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Superior Performers, Inc. v. Ewing

United States District Court, M.D. North Carolina

February 25, 2015

SUPERIOR PERFORMERS, INC., d/b/a NATIONAL AGENTS ALLIANCE, Plaintiff,
v.
JERROD EWING, MYLES JERDAN, DOMONIQUE RODGERS, MATTHEW SMITH, TODD SMITH, SEAN RUGGERIO (MCCOY, MICHAEL KILLIMETT, WILLIAM MARTIN, JOSHUA THOUNE, TRAVIS GEORGE, MIKE WINICK, MICHAEL COE, ROBERT JONES, KRISTOPHER KRAUSE, NICK THEODORE, FAMILY FIRST LIFE, LLC, PAUL E. MCCLAIN, ANDREW C. TAYLOR, JACK YIU, JIM GLASCOTT, JAIME CUAMATZI, WATHERA CUAMATZI, KIM REABER, BOBBY REABER, DENNIS RAUSSEER, JARROD M. FLATAU, RAYMOND MANALUS, ISRAEL WIZENFELD, and LISA M. ESTEP, Defendants and Third-Party Plaintiffs,
v.
STEPHEN DAVIES, CHRIS LONG, MICHAEL OWENS, ANDY ALBRIGHT, JASON CAREY, JUSTIN TRIPP, ADAM KATZ, TAWNY CAREY, and PRO DATA RESEARCH, LLC, Third-Party Defendants.

MEMORANDUM OPINION AND ORDER

JAMES A. BEATY, Jr., District Judge.

This matter is currently before the Court on the Motion to Dismiss the Third-Party Complaint [Doc. #29] filed by Third-Party Defendants, Andy Albright, Stephen Davies, Michael Owens, Jason Carey, Tawny Carey, Adam Katz, Chris Long, Justin Tripp, Pro Data Research, LLC, and K.I.T. Marketing, LLC (collectively the "Albright Group" and the Motion to Dismiss the Counterclaim [Doc. #31] filed by Plaintiff Superior Performers, Inc. ("Plaintiff" or "NAA".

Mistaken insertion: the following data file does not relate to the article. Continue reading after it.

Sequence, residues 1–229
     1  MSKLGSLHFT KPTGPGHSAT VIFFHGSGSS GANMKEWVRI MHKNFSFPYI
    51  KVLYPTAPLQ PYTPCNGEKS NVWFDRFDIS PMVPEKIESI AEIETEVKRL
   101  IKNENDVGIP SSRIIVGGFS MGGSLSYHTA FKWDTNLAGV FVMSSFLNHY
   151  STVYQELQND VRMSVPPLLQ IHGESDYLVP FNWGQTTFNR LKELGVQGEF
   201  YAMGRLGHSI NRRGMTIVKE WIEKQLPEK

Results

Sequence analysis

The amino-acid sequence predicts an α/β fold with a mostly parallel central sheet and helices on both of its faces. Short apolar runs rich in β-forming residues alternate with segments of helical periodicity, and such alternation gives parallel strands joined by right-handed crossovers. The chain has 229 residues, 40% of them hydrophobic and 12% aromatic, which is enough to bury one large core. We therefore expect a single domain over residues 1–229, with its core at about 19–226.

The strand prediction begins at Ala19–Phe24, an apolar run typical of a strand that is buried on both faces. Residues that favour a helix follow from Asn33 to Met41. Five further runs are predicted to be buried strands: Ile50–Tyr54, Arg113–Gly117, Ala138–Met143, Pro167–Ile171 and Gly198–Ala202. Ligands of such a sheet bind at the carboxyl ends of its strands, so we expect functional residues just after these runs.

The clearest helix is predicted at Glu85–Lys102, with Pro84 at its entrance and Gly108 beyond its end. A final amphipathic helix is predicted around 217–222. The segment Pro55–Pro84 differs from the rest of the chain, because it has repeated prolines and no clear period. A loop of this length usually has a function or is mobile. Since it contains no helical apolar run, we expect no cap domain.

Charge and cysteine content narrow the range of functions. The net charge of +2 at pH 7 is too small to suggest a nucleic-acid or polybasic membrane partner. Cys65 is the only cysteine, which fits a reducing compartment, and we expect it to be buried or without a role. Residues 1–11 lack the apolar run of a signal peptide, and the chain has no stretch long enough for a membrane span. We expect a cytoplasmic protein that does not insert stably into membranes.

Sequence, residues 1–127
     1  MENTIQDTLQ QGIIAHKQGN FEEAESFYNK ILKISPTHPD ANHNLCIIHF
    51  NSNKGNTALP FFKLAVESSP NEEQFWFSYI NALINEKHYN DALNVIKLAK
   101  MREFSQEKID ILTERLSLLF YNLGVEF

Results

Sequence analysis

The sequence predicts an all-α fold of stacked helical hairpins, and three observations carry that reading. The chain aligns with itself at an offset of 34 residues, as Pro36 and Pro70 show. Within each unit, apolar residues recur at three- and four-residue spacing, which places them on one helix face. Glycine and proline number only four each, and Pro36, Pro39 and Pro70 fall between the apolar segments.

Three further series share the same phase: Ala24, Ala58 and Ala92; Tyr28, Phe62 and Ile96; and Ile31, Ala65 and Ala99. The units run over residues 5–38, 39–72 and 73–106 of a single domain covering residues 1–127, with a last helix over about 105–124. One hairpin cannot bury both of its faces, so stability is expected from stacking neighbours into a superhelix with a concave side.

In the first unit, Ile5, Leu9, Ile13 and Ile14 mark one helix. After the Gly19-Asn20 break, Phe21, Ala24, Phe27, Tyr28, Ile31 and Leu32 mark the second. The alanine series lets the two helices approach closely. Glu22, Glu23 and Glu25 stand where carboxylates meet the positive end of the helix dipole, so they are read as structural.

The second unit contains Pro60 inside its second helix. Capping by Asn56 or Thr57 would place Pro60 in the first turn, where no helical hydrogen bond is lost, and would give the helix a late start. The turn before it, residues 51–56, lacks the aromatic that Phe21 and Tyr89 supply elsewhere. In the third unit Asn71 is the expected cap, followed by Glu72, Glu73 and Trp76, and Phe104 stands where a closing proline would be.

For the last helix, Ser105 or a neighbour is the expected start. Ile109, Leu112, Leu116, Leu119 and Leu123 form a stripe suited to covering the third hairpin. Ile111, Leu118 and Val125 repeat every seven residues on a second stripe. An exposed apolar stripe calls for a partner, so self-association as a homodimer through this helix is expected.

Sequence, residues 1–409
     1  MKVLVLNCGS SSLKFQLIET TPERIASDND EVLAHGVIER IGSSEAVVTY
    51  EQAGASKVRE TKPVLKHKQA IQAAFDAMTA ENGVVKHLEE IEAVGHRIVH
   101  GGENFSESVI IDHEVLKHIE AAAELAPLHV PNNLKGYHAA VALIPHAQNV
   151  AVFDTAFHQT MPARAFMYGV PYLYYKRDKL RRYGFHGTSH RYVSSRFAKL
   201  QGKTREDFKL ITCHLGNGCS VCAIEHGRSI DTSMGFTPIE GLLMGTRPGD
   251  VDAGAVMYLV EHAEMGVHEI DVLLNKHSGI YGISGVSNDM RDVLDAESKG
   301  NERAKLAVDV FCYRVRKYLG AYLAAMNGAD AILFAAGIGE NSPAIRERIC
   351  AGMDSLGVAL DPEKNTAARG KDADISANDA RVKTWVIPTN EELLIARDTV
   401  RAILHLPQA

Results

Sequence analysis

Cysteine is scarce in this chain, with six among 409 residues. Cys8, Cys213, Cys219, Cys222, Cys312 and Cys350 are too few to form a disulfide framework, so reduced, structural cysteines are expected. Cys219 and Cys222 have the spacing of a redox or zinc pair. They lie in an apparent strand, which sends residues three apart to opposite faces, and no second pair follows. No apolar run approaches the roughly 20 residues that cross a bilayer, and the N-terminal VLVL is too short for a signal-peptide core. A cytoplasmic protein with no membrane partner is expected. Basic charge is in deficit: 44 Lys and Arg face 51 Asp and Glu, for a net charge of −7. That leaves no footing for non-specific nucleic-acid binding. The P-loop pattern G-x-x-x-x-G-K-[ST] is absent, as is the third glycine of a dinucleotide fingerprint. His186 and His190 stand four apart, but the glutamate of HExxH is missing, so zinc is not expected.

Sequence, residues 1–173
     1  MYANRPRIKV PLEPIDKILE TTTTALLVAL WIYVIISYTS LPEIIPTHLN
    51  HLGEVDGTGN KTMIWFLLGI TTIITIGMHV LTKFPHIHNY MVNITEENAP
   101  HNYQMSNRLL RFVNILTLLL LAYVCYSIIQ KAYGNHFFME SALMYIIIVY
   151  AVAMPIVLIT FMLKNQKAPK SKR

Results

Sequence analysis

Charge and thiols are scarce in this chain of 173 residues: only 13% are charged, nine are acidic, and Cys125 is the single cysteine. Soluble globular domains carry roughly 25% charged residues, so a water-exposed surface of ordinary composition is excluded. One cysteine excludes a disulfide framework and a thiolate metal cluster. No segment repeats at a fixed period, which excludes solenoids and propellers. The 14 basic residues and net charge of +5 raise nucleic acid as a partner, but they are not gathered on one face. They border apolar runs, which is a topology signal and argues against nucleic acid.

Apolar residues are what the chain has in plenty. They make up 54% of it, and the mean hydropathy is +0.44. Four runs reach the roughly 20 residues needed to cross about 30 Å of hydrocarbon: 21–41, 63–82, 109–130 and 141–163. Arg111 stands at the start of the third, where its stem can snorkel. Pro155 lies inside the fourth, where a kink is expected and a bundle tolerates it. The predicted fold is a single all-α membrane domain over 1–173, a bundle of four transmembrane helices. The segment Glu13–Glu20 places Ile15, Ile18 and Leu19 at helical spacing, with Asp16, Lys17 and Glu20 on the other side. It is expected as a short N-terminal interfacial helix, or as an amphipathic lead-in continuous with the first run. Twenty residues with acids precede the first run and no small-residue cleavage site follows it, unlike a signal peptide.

Third-Party Plaintiffs and Counter Claimants, Jerrod Ewing, Myles Jerdan, Domonique Rodgers, Matthew Smith, Todd Smith, Sean Ruggerio, Michael Killimett, William Martin, Joshua Thoune, Travis George, Mike Winick, Michael Coe, Robert Jones, Kristopher Krause, Nick Theodore, Paul E. McClain, Andrew C. Taylor, Jackie Yiu, Jim Glascott, Jaime Cuamatzi, Wathera Cuamatzi, Kim Reaber, Bobby Reaber, Dennis Rausseer, Jarrod M. Flatau, Raymond Manalus, Israel Wizenfeld, and Lisa M. Estep (collectively the "Ewing Group")[1] have filed a combined Response in Opposition to the Motions to Dismiss [Doc. #40], to which, Plaintiff and the Albright Group have filed a Reply [Doc. #41]. For the reasons discussed below, the Court will deny the Plaintiff's and the Albright Group's Motions to Dismiss.

I. BACKGROUND

This case is one of several related cases brought by Plaintiff in an attempt to, among other things, enforce restrictive covenants entered into by current and former NAA agents and managers. In this particular case, Plaintiff asserted breach of contract claims based on alleged violations of the non-solicitation clauses, as well as claims for breach of contract based on other parts of the agent and managerial agreements. Other claims that Plaintiff alleged in this action include claims for tortious interference with business relationships, unfair and deceptive trade practices, unfair competition, civil conspiracy, and wiretapping.